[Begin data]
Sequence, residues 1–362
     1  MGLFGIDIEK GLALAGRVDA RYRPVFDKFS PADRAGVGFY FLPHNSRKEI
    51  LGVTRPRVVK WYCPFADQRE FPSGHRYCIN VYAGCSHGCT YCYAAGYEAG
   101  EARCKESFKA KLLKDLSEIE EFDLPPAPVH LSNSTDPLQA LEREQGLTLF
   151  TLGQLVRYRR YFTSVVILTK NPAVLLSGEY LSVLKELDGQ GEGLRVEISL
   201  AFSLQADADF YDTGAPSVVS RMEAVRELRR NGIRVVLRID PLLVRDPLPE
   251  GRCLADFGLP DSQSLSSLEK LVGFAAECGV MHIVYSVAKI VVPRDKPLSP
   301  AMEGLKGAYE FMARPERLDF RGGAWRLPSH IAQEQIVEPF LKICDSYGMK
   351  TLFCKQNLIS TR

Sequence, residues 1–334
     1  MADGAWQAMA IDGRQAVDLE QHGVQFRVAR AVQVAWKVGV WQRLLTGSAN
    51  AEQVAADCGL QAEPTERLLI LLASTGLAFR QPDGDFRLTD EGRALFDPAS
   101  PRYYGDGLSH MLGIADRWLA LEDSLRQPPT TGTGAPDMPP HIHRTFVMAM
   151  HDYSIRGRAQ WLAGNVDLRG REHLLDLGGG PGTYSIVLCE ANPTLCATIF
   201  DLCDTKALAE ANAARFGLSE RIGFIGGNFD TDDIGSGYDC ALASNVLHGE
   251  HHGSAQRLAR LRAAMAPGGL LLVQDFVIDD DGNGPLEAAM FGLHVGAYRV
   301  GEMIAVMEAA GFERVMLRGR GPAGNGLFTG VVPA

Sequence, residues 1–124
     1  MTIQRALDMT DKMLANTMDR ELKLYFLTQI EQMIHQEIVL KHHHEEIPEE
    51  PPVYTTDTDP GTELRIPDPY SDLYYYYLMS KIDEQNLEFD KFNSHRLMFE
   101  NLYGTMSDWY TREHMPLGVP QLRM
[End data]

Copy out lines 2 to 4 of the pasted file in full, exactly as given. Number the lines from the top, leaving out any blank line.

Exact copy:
     1  MGLFGIDIEK GLALAGRVDA RYRPVFDKFS PADRAGVGFY FLPHNSRKEI
    51  LGVTRPRVVK WYCPFADQRE FPSGHRYCIN VYAGCSHGCT YCYAAGYEAG
   101  EARCKESFKA KLLKDLSEIE EFDLPPAPVH LSNSTDPLQA LEREQGLTLF